There’s more to Pisco, the grape spirit from South America than what goes into a Pisco Sour.
In this Essential Guide to Pisco, we explain what is Pisco, the difference between Peruvian and Chilean Pisco, which grape varietals can be used, the various types of Pisco, how Pisco is classified and how to drink Pisco.
What is Pisco
Pisco is a type of brandy or grape eau de vie produced in Peru and Chile using different methods that result in totally different products which are specified by each country’s specific denomination of origin. Peruvian Pisco adheres to a 400 year old traditional artisanal small batch method of production while Chilean Pisco is usually produced in large quantities for the mass market.
This article describes in detail the origin and production process for Peruvian Pisco, the national spirit of Peru.
What does the Word ‘Pisco’ Mean
The name Pisco comes from the Peruvian port city which bears the same name. Established more than 500 years ago, the port of Pisco was an important centre for the export of Peruvian wine and grape-based spirits. However, the origin of the word comes from the native Quechua word pisqu, which means “little bird”.
Peruvian Pisco Regulations
Peruvian Pisco is governed by strict rules of the Denomination of Origin. These established the legal standards that make Peruvian Pisco one of the purest spirits in the world and the export of Peruvian wine and grape base spirits during the time of the Spanish rule of the Viceroyalty of Peru.
- must be produced in one of five coastal regions of Peru: Ica, Lima, Arequipa, Moquegua and Tacna
- must be distilled from wine and not from pomace (marc) or solid remains of grapes.
- undergoes natural fermentation, which can lead to slight variations from year to year
- can only be distilled once to retain flavour and not strip character and stay true to the grape
- no additives are allowed to ensure the characteristics of the grapes are maintained
- must be distilled to proof, between 38 to 48% ABV which means it can’t be cut with water after distillation
- no barrel aging is allowed as it is viewed as additives from the sugar and tannins of the wooden barrel
- must be rested in stainless steel, copper, glass, ceramic or food grade plastic containers for at least 3 months before bottling
Chilean Pisco is often made from three grape varietals (Moscatel, Pedro Jimenez and Torontel) with Moscatel being the most common. It can be distilled multiple times, may be cut with water and can be barrel aged in oak.
Peruvian Pisco can be made from eight types of grapes divided into the two broad categories of “aromatic” and “‘non-aromatic”.
- Quebranta: intense and complex with faint aroma of reeds or hay with very subtle aromas of fruits
- Negra Criolla: not as sweet as Quebranta or Mollar, it has aromas of freshly cut grass mixed with flavours of fruits, honey, coffee and chocolate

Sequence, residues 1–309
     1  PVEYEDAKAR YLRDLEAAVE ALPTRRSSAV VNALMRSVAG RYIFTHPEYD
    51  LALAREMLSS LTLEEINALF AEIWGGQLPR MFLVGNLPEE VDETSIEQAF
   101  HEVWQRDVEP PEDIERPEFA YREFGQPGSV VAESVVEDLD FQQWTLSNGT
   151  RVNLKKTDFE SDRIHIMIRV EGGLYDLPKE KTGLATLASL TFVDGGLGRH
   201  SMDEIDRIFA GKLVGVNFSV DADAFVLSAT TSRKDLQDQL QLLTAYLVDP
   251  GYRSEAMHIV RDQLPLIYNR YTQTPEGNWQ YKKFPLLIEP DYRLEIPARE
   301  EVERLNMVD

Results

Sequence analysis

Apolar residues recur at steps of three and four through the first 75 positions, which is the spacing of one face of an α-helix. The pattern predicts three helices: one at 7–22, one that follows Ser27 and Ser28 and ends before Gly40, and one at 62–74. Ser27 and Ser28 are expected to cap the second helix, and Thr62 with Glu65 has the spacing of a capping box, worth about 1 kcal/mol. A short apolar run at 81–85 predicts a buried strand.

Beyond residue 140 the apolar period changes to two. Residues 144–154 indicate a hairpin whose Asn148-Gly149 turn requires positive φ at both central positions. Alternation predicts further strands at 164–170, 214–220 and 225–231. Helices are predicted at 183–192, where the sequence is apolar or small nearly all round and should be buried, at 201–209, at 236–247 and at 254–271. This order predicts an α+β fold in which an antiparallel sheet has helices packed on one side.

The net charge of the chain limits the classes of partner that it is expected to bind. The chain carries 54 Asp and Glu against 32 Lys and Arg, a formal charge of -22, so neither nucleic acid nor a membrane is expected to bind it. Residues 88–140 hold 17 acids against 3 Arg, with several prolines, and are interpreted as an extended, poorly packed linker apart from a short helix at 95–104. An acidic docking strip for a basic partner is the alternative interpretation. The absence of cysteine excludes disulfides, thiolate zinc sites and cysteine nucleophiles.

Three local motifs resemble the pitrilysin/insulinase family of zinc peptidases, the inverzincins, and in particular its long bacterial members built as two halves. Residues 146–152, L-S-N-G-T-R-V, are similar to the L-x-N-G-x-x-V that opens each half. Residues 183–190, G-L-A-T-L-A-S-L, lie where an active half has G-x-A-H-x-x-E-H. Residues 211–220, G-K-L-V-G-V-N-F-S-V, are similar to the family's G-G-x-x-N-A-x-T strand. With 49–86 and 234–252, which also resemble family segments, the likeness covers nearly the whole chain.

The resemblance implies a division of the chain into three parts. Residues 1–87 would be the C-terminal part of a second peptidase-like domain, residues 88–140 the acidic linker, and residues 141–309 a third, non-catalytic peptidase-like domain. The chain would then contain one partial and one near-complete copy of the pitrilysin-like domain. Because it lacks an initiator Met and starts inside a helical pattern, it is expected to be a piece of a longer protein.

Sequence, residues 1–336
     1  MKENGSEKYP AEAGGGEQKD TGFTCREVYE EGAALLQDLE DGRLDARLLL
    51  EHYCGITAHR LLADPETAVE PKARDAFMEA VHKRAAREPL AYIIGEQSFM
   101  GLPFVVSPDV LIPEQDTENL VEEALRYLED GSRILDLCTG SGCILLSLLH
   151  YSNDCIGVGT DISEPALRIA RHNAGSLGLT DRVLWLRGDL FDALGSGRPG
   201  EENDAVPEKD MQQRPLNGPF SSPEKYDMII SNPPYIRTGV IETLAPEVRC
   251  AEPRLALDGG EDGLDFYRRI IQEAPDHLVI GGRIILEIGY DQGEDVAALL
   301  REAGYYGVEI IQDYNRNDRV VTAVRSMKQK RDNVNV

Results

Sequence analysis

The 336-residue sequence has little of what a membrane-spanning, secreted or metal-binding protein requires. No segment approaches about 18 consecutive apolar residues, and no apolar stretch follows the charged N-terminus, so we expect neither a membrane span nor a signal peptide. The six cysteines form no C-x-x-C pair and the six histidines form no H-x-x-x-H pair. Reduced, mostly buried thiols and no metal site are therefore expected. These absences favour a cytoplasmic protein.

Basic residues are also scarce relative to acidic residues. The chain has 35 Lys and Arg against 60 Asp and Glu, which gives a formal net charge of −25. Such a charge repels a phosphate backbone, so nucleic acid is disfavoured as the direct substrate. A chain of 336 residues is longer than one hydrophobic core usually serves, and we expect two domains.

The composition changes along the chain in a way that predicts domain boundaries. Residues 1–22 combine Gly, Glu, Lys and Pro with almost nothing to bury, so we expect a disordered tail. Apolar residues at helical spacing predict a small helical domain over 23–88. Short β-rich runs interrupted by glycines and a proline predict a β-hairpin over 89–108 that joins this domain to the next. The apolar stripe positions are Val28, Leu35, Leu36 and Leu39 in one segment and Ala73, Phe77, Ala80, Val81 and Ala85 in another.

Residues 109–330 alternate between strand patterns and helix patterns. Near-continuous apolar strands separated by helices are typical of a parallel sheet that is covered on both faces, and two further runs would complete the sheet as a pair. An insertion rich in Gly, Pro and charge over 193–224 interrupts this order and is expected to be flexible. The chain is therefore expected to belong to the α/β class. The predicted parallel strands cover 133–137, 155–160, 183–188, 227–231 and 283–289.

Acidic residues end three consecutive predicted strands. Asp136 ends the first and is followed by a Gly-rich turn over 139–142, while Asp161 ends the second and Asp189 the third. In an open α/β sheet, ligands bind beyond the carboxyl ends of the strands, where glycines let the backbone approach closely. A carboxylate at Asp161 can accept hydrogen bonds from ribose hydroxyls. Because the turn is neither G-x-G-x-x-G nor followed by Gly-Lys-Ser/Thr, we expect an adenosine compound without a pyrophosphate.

- Mollar: grown in very small quantities in Peru, it typically exhibits flavours of apple, banana and pear
- Uvina: a hybrid grape variety, it produces a Pisco that is well structured, with high sugar content and slight astringency
- Italia: the most aromatic of the eight Pisco grapes with muscatel-like aromas and bright floral and citrus flavours
- Moscatel: grown in small quantities, it has a melon-like juiciness or a lemony brightness with flavours of peach, apple and rose water
- Torontel: known for its expressive and intense aroma, it is similar to the Italia grape but with more finesse in its flavours of fruit, flowers and honey
- Albilla: flavours reminiscent of banana, rose petals and black tea
- Pisco Puro – made entirely from a single grape varietal, distilled when the wine is dry and the yeast has consumed all the sugar. This is the most popular Pisco in Peru.
- Example: Rich and earthy, Cuatro G’S Quebranta is made from the non aromatic single varietal Quebranta grape, a complex and flavourful spirit that provides the perfect base for the traditional Pisco Sour, Chilcano and Pisco tonic.
- Pisco Acholado – a blend of two or more different varietals and often has Quebaranta. It can made from two or more Puros, or two or more Mosto Verde, but never both.
- Example: Pancho Fierro Acholado, a blend of Quebranta, Italia and Torontel with grape-like characteristics and delicate flavours of white chocolate, almond, vanilla custard and white pepper. Great with soda water or in bright, fruity cocktails.
- Mosto Verde – means “green must’ and refers to a Pisco that is distilled from a partially fermented young wine. This style of Pisco tends to have a greener, richer flavour, a velvety texture and a sweeter mouth feel.
- Example: Pisco Portón Mosto Verde Quebranta is a super premium mosto verde style with 100% non-aromatic Quebranta grapes. Its velvety, creamy texture and layers of dried fruits, fresh flowers and vanilla flavours make it a perfect choice to sip after dinner, or mixed into a cocktail.
How to Drink Pisco
With the premium styles of Pisco favoured by Peruvians as a neat sipping drink, Pisco also forms an excellent base for cocktails and mixed drinks. Use it in a Pisco Sour, Chilcano, Pisco Punch or in classic cocktails such as the Martini, Negroni, Mojito and Margarita.
Such is the importance of Pisco to both Peru and Chile, both countries have public holidays to honour their national drink. Peru celebrates National Pisco Sour Day (El Dia del Pisco Sour) on the first Saturday in February, Peruvian El Dia del Pisco on fourth Sunday in July while Chile celebrates Dia Nacional del Pisco Chileno on 15 May.
In partnership with The Pisco People.
Photo Credit: The Pisco People, used with permission.